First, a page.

Since Pedroia, scheduled to lead off the 9th for Boston, was already 2-for-3 against Bergesen on the day, you can’t really send Bergesen back out to the mound using Pedroia as the barometer for whether or not he pitches to Youklis. If you send Bergesen to start the 9th, you almost have to concede that you’re allowing him to pitch 2 batters. You almost have to concede that the reigning AL MVP, and seemingly the only guy on the club seeing Bergesen well would get on base somehow. If so, then Bergesen is just as likely to give up the long shot to Youklis, who had been hitting the ball hard all series, and probably would have turned the game over to Sherrill under the same circumstances that he got it anyway.
And lastly as it relates to Bergesen’s performance yesterday, and the possible indication that it was time to pull him, consider that as well as Bergesen has pitched, he has seemed to fall apart in a hurry, on the few occasions that he’s fallen apart at all. Five of the last 6 outs that Bergesen recorded on Wednesday were on flies or pop ups, the only exception being a strikeout of Jason Bay, who couldn’t lay a bat on the ball all series. For a ground ball pitcher, the indications were there.
As it relates to the long term, Bergesen is at 91 innings and change on the season for the O’s, with another 11 innings thrown at Norfolk. His career high was last season, at 165 innings and change, he pitched 150 and change the season before that. Right now, at roughly 100 innings on the season, he’s almost 2/3 of the way to his career high, and he’s compelling Trembley to leave him out there for 7 innings per start. When it’s all said and done, Bergesen’s innings total should go so far beyond what he’s ever done before, that it could be scary. Saving an inning here and there may seem like overkill, but saving an inning after 103 pitches have already been thrown, seems prudent here, it’s only one game.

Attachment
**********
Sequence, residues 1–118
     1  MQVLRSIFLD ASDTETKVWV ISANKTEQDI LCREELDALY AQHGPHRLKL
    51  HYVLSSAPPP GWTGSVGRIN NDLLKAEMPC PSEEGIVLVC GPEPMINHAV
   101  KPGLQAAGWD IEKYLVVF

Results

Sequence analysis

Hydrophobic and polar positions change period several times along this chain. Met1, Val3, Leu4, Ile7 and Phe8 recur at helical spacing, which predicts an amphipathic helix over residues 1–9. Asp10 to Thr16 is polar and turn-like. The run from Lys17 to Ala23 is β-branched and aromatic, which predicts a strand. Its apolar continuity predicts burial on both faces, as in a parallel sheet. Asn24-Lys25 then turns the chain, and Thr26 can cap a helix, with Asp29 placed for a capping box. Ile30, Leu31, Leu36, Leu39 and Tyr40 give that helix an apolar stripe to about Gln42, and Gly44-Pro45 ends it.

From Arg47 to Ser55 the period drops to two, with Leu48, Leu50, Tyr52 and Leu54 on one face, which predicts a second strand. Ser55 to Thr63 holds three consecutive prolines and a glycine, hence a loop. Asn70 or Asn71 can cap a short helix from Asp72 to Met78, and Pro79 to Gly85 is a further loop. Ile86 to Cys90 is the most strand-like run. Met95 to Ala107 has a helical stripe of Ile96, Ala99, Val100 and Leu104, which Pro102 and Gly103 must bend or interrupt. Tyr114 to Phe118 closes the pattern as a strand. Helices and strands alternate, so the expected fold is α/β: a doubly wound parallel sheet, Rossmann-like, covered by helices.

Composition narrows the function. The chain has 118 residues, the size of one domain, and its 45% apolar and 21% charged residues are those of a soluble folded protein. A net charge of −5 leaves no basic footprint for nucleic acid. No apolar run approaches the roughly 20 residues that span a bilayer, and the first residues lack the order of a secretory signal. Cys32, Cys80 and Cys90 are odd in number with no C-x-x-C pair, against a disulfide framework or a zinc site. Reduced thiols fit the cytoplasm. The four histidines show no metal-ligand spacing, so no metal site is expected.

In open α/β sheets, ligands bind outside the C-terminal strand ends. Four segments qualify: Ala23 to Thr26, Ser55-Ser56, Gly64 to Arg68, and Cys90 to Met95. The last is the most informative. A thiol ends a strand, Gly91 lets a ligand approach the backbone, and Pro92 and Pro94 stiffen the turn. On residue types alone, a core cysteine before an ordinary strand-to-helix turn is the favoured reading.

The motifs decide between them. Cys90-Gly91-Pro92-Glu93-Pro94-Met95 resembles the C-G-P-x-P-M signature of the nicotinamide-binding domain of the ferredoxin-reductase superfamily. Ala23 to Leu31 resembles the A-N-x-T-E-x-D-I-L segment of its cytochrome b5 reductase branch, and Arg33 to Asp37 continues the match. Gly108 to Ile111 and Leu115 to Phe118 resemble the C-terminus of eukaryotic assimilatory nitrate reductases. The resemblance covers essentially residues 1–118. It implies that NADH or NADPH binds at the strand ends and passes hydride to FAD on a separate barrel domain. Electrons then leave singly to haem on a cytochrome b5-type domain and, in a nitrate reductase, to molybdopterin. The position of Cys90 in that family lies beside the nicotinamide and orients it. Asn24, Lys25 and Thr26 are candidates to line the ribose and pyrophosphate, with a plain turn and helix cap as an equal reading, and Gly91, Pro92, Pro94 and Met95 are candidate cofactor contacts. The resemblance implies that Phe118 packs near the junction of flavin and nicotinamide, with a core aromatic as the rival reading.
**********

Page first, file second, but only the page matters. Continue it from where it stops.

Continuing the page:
Johnson and Sherrill should have been able to get through the 9th, but sometimes good hitters just prevail. The O’s themselves have recent wins over K-Rod and Papelbon to provide evidence of that. It happens to Roy Halladay, it happens to Johann Santana, and yesterday it happened to Brad Bergesen.
From Trembley’s perspective, it’s damned if you do, and damned if you don’t. If he had gone to Bergesen and lost, the blogs and talk shows would be flooded with folks talking about how Sherrill is pitching the best baseball of his career, and how Trembley is trying to make Bergesen’s arm fall off. He’s become an easy scapegoat at this point, but to a large degree, that’s a corner that he painted himself into. I doubt he’ll have to sweat it for very long, ultimately.
If We Need to Sack Trembley (WNST, get it?), I’m on board 100%, and pulling for Don Baylor as the replacement, but not in response to yesterday. As Jay-Z might say, I got 99 problems with Trembley, but pulling Bergesen yesterday ain’t one.